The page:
It’s time for craft beer enthusiasts and amateurs alike to seek out a beer lineup that’s truly one-of-a-kind. It’s time for a handful of funky wild brews, a plethora of barrel-aged rarities, and dozens of hopped-up ales. It’s time for the craft beer community to stand together in one place to enjoy a day full of music, food, good company, and top-notch craft beer. It’s time for Brewvival.

This will be the fourth installment of the coveted Southeastern craft beer festival, and COAST Brewing Company and Charleston Beer Exchange have taken a few steps to make sure this year is the biggest and best yet. And by biggest, we don’t mean more people. In fact, the number of tickets sold went down from 2,500 in 2012 to 1,800 in 2013. This means shorter lines and more beer to go around. In fact, Brewvival 2013 will offer 130 unique beers, making it the biggest Brewvival yet.

Attendees can expect more food options, too. Diggity Doughnuts, AutoBanh, Roti Rolls, D’Allesandro’s Pizza, Coleman Public House, Ted’s Butcherblock, and Big Boned BBQ will all be slinging their finest eats for the buzzed-up Brewvival attendees.

And what’s a festival without good music? Justin James & Co., Graham Whorley, and The Kingston Springs will be popping out some tunes throughout the day.

If there’s one bit of advice we can give, it’s to get there early. This year, Sam Calagione of Dogfish Head and Ken Grossman of Sierra Nevada will be preaching to the crowds. These guys are pioneers of the craft beer industry and should be a treat to hear.

And about that ridiculous beer lineup. With so many beers and so little time, it’s good to have a drinking plan for Brewvival. Here’s what will be marked on our map:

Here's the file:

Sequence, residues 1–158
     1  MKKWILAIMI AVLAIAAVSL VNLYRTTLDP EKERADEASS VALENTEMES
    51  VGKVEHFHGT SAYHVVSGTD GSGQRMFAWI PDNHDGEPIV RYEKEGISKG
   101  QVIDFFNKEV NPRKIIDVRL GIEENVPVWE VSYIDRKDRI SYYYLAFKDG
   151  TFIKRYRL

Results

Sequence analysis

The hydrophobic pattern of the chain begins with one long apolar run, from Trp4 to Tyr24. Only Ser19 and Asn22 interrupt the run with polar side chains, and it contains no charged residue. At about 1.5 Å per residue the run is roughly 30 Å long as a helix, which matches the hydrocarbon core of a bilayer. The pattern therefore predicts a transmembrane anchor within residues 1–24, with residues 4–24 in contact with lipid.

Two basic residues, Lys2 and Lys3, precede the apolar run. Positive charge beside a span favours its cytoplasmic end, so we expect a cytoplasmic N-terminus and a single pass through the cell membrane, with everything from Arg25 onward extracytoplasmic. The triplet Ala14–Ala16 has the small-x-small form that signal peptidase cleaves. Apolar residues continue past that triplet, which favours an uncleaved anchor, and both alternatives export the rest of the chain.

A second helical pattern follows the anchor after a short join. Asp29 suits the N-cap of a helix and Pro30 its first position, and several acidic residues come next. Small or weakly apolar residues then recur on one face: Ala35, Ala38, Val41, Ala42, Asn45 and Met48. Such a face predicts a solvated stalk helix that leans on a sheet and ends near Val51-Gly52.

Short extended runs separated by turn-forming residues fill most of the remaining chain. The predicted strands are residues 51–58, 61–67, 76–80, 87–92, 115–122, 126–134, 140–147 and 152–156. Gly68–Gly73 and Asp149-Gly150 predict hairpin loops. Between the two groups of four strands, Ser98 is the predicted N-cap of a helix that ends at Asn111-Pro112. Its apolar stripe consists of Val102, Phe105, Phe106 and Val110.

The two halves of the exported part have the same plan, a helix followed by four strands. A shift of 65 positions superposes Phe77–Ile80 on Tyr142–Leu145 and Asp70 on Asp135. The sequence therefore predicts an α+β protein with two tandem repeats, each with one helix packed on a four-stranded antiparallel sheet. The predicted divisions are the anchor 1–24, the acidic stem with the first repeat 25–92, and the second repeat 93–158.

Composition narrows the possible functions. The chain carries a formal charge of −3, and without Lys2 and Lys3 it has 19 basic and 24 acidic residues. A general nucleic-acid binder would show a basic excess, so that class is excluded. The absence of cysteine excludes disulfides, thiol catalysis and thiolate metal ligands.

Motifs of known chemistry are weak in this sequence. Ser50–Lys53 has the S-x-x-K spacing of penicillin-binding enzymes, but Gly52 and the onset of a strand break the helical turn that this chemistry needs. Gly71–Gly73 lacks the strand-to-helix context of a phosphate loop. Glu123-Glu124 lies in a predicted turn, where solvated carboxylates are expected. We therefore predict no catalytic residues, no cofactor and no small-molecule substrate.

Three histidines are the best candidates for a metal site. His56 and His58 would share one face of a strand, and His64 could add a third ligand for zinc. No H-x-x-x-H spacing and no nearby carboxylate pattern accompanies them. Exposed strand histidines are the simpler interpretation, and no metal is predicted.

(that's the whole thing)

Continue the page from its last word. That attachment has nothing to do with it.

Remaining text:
Avery Odio Equum

(7.9 percent a.b.v.)

Avery’s barrel-aged series is one that we rarely see around these parts. The beers are produced in small batches, most only being released at the brewery in Colorado. Two years ago, we were fortunate enough to attend a beer tasting hosted by Adam Avery at Voodoo where we got to try Dihos Dactylion, bottle No. 7 of the series. Now, Odio Equum, the latest in the series at No. 13, is making its way to Brewvival. We got to sample this beauty at the Great American Beer Festival, and you don’t want to miss it. All you need to know is it’s a sour ale brewed with raspberries and aged in Sauvignon barrels for a year.

Stone “The Tiger Cub” Saison

(7.7 percent a.b.v.)

There isn’t much info about Stone Brewing Company’s latest creation, but we do love a good Saison, and Stone rarely disappoints. Aside from the tasty Saison Du Buff and The Perfect Crime, Stone generally doesn’t brew the Saison/Farmhouse variety. Given that this is their first solo Saison gig (the other two were collaborations), we’re excited to see how it turned out.

Bell’s Bourbon Barrel-Aged Batch 9,000 Ale

(14.8 percent a.b.v.)

Bell’s always bring their best beers to Brewvival. Last year’s decadent Black Note killed it, and the cask of Hopslam was gone in no time. This year, be ready for a beer that’s been sitting around for a while. Batch 9,000 was an impressive, big time imperial stout (12.5 percent a.b.v.) that was released in late 2009/early 2010, and they’ve made that kick-ass beer even better by aging it in bourbon barrels. Expect a full-bodied, rich beer with flavors ranging from chocolate to dark fruits, and some lingering vanilla and bourbon.

Conquest Sacred Heart IPA

(7.2 percent a.b.v.)